As an environmental watchdog leading the charge for clean energy investments and jobs throughout New England, CLF often goes toe-to-toe with powerful utilities and energy companies. When they want to build new power plants, transmission lines, or pipelines, we force a close examination of the potential impacts – both positive and negative – of their projects. While this sometimes makes us a target, for decades it has helped the region improve good projects and avoid bad ones.
This week, Eversource Energy, our region’s largest utility, put us squarely in their crosshairs over our longstanding opposition to their controversial Northern Pass project. Rather than address the many issues that have made the project so unpopular with New Hampshire residents, they instead chose to run a smear campaign against us.
If they thought they could silence or discredit us, they were wrong. Now that Northern Pass has been chosen by Massachusetts as the sole winner in a bidding process to provide the state with up to 2,000 megawatts of clean energy, we are emboldened in our opposition. So let’s set the record straight about why we have been fighting Northern Pass for eight long years – and why we’re not giving up now.
A Lucrative Energy Contract and a Tale of Two Transmission Projects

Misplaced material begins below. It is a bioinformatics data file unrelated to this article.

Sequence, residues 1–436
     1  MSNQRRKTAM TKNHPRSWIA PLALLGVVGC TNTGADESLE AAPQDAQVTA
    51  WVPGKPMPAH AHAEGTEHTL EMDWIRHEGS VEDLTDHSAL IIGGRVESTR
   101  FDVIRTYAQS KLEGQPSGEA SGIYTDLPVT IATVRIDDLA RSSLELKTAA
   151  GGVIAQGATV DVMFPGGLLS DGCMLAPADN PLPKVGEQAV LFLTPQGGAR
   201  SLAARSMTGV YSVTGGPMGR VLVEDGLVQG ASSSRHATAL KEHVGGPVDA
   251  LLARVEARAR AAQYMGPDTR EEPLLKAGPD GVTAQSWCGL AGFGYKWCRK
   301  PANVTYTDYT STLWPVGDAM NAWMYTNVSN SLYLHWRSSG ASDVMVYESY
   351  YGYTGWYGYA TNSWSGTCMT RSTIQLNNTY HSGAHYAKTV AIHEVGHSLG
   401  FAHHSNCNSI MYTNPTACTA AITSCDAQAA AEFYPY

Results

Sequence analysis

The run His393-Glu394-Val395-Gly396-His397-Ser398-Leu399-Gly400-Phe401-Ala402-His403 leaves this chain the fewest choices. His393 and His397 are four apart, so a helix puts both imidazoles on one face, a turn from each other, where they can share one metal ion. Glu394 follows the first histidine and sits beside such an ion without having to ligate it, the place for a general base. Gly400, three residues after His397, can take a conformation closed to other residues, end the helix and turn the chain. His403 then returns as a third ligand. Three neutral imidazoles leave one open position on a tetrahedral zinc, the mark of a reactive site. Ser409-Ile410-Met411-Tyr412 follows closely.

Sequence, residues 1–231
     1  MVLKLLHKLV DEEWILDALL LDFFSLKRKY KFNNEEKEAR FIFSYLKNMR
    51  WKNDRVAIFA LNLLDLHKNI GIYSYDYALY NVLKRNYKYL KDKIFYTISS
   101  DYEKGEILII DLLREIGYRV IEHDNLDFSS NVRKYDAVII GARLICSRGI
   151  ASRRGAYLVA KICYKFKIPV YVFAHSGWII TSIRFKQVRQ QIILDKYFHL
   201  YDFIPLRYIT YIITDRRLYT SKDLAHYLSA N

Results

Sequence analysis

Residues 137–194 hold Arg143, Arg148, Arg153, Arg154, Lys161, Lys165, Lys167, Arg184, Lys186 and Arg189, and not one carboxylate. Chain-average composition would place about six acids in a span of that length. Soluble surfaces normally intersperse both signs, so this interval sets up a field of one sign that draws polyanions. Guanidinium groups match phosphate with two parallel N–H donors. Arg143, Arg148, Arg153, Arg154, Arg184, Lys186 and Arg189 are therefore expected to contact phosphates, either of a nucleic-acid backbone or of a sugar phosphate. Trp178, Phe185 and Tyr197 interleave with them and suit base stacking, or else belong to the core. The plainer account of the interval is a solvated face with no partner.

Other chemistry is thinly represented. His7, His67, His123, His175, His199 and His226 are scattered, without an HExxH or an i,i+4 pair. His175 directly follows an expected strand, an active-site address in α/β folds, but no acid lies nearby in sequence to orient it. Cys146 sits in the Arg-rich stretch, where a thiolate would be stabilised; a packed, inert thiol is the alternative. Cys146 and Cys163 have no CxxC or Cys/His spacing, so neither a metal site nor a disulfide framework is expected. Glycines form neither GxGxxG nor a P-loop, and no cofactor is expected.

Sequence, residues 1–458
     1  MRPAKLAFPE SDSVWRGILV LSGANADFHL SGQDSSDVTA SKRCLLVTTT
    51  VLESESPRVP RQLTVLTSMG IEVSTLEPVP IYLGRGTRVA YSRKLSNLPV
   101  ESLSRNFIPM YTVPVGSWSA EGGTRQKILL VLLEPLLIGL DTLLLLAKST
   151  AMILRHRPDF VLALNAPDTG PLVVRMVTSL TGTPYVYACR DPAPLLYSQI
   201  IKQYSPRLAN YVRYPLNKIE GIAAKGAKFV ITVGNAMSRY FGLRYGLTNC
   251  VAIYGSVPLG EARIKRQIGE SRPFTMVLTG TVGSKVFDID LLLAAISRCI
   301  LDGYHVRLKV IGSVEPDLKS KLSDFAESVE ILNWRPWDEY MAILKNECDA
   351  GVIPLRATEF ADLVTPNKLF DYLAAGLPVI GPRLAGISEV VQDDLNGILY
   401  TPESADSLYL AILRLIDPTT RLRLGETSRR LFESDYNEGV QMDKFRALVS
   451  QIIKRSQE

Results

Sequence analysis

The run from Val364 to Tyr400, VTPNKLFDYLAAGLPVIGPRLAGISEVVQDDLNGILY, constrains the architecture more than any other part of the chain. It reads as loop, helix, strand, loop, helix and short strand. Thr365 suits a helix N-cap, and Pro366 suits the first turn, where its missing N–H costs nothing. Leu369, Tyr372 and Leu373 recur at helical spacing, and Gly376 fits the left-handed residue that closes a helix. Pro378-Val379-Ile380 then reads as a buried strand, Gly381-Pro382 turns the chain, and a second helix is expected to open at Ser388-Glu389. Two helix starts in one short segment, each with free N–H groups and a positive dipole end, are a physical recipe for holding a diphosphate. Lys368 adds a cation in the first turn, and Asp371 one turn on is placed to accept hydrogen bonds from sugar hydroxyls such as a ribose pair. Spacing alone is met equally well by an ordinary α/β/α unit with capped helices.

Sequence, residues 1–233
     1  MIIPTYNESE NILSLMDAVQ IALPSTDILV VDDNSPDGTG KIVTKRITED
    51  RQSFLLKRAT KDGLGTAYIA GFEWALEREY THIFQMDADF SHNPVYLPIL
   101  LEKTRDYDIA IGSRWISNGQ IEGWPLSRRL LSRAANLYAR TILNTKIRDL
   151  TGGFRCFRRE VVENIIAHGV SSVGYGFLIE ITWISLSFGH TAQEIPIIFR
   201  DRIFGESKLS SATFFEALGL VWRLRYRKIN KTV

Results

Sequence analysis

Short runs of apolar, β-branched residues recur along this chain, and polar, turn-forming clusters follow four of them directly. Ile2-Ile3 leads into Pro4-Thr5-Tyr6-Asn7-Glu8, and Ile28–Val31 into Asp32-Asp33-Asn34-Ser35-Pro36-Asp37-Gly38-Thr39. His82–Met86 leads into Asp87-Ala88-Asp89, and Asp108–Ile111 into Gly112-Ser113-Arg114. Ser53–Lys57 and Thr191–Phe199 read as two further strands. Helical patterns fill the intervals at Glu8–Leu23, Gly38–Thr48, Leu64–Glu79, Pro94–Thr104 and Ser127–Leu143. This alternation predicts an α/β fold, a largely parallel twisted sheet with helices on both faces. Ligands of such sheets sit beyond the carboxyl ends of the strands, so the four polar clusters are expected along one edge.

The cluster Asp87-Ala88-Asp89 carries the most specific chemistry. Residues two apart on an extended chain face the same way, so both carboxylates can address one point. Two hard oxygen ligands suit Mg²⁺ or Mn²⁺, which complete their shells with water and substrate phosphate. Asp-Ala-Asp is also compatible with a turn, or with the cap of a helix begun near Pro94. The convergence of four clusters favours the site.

Over the past year, CLF has been carefully tracking Massachusetts’s initiative to contract to buy up to 2,000 megawatts of clean energy. Among the energy bids submitted were competing projects that we have been watching for years: Eversource’s Northern Pass and the New England Clean Power Link.
Both Northern Pass and the New England Clean Power Link, put forward by TDI, were proposed before the Massachusetts clean energy initiative was formalized into law a year ago. But for months now, they have been competing to sell Massachusetts energy as part of it.
The projects both aim to deliver Canadian-derived energy into New England over massive new transmission lines. Despite this shared goal, the projects and their developer’s approaches could not be more different.
Northern Pass has chosen for its power lines to cut through the heart of New Hampshire’s treasured White Mountains and numerous communities on massive above-ground towers. For this and other reasons, public opposition to the project grew swiftly after it was first proposed and has only increased in the years since. Eversource and Northern Pass now find themselves in year eight of its permitting process – still lacking necessary state and federal permissions to build.
On the other hand, TDI elected to site its New England Clean Power Link in Vermont and to bury the entire power line out of sight with minimized environmental harm. This led to scarce public opposition to the project. After vigorous advocacy from CLF and other groups, TDI improved its project by promising to fund renewable energy development and clean-up efforts for iconic Lake Champlain. Within one year of filing for its permits, TDI obtained all federal authorizations and worked out a settlement with the State of Vermont, CLF, utilities, and communities, allowing the approval of its siting.
CLF did not endorse either (or any) project in the Commonwealth’s request for clean energy project proposals. But we did fight to ensure that every project chosen among the many viable bids would help New England advance towards the clean energy future we all deserve.